In Response to the Ban
Victor has shed some new light on his decision to ban certain atheists from his blog (those certain atheists being, presumably, Papalinton, and yours truly).
Here is his original statement:
I am going to have to ask two people, whose names I don't think I need to mention, to stop posting here. I do this with great reluctance. The reasons are two. One, I think your positions are better represented by other people who agree with you for the most part. Second, your contributions always make discussion more inflammatory than they need to be, and you don't bring out the best in the rest of us.When Jeffery Jay Lowder pointed out that the same logic could apply to theist commenters on his blog, Victor responded:
I love the idea of a "free speech zone" but you end up dominating the conversation here. And even when I want to address a position like yours, I think other representatives of your views better represent them.
Maybe, but the two atheists seem to dominate discussion. The theists I think you have in mind used to be typically ignored if their points were too far off-target.I would like to summarize and address these issues.
But it took me a very long time to come to this decision, and this is precisely the reason why it did. If I start banning, then someone can say that someone on my side said something just as bad, etc. etc. etc. In fact, people here would pledge to ignore these people and then ended up not being able to do it.
1. We tend to dominate the discussion.
I am guilty. Papalinton is not. It is worth mentioning, however, that Bob Prokop is the single most frequent commenter on the site. Many of his comments are completely off topic. While I try to stay on topic, I also try to reply to comments made to me (and there are many), and sometimes those comments stray somewhat from the main topic. I don't think that's my fault. As for Papalinton, he tends to provide supplemental commentary and information, but not so much to actively engage in the banter, as I do.2. Our positions are better stated by others.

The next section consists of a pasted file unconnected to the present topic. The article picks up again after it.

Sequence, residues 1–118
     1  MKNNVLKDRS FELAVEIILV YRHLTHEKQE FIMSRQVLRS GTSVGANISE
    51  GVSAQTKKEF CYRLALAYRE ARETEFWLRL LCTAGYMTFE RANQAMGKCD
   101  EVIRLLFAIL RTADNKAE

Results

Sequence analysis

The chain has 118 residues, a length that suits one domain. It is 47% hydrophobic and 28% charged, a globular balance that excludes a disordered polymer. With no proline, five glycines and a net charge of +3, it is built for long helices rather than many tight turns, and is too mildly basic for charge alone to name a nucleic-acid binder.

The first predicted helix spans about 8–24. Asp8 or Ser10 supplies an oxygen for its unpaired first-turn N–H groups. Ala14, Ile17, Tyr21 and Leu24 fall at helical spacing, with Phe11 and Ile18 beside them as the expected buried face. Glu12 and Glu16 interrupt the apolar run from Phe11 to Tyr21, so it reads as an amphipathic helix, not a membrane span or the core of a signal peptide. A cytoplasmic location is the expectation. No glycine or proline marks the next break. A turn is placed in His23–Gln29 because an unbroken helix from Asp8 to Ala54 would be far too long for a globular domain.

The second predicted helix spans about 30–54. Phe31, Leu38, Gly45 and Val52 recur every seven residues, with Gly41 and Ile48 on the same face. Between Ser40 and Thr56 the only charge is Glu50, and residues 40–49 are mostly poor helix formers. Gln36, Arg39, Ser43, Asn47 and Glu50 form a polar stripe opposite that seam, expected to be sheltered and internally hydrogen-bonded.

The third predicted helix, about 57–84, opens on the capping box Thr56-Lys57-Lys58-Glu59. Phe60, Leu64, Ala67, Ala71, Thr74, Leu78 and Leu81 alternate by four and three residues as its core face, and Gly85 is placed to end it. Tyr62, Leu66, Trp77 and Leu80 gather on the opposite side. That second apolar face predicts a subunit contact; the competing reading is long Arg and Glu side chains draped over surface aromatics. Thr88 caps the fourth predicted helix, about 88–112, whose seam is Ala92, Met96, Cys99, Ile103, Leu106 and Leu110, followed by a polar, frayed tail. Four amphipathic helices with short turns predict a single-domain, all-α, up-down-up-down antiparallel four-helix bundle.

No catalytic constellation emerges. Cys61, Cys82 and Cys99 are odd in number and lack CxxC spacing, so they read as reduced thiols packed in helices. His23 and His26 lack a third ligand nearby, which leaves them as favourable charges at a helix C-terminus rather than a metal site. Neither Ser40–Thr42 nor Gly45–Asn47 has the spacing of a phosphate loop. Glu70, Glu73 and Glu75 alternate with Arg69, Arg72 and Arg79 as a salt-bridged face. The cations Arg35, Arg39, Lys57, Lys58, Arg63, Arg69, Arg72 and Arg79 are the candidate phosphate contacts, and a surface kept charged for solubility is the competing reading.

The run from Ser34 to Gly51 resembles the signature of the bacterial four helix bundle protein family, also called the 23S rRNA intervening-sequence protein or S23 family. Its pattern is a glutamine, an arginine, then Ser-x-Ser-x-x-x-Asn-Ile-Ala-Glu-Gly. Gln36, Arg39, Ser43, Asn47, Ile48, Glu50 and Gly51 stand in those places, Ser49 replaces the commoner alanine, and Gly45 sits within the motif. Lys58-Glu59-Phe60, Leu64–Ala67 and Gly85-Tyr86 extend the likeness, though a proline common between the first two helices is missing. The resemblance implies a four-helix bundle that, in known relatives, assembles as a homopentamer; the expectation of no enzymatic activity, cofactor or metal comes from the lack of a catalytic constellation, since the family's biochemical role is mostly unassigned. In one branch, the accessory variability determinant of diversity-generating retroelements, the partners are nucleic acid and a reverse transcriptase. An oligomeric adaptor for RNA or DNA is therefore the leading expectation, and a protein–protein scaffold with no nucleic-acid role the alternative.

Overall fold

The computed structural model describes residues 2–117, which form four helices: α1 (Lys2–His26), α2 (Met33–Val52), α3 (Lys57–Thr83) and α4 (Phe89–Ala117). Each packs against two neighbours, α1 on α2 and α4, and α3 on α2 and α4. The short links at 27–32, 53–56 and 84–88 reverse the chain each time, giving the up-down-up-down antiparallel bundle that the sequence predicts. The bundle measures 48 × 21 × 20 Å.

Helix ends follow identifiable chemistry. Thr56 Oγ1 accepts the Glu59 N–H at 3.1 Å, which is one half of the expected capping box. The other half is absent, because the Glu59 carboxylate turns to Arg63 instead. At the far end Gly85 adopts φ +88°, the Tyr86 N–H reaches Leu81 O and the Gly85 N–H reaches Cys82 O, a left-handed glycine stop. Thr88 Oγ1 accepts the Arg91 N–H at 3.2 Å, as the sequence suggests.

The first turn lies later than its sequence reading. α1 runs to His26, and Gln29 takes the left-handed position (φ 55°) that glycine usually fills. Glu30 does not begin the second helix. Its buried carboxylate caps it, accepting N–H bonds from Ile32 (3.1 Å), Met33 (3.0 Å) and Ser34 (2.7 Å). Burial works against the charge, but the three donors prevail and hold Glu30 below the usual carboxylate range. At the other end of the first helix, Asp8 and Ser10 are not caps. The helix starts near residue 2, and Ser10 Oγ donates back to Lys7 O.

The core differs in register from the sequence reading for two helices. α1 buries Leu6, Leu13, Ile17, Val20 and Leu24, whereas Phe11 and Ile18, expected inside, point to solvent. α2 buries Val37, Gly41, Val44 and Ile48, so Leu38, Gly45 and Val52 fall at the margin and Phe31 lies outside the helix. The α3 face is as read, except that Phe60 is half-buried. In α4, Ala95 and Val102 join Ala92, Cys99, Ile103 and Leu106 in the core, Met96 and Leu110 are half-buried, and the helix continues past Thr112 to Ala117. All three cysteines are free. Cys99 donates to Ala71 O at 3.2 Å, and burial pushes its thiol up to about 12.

Of the regular commenters (theist and atheist alike), everyone is guilty. Aside from the occasional contributions of other philosophers, we are all less than perfect in making our points eloquently. If you want your blog to be open to professional philosophers only, you'll have to ban more than a couple of atheists.3. Our contributions make the discussion more inflammatory by not bringing out the best in others.
Now we're getting more to the heart of the matter, I think. People love to hate us, and they say some pretty nasty things. That's what creates the vitriolic atmosphere that we so often see in your blog. Again, I don't think that's our fault. People like crude can be downright uncivil toward people that they regard as "the enemy". And I think that's your biggest problem. You may say that I earn this vitriol by saying things that are provocative. Perhaps, but you should be aware that from my perspective, I hear many things said by theists that are quite provocative, too. At least I generally try to keep my responses civil, if not understated. And Papalinton does a much better job in that regard than most. What you're doing is punishing him for the bad behavior of the Christian commenters in your blog.4. People have been unable to stick to their pledges to ignore us.
This is the most interesting thing you've said about this whole issue. I always thought the whole purpose of having a blog like yours is to provide a forum for discussion, and that's exactly why I was there. I know that people don't like what I say. So why shouldn't we talk about it? Do you really want to have an echo chamber? But it seems I get mixed messages from you. I think you really have been interested in discussing things with me at times. If not, why do you so often reply to my comments? In fact you have, on numerous occasions, made a new post specifically to address something I have said. If that's not an invitation for discussion, I really don't know what is.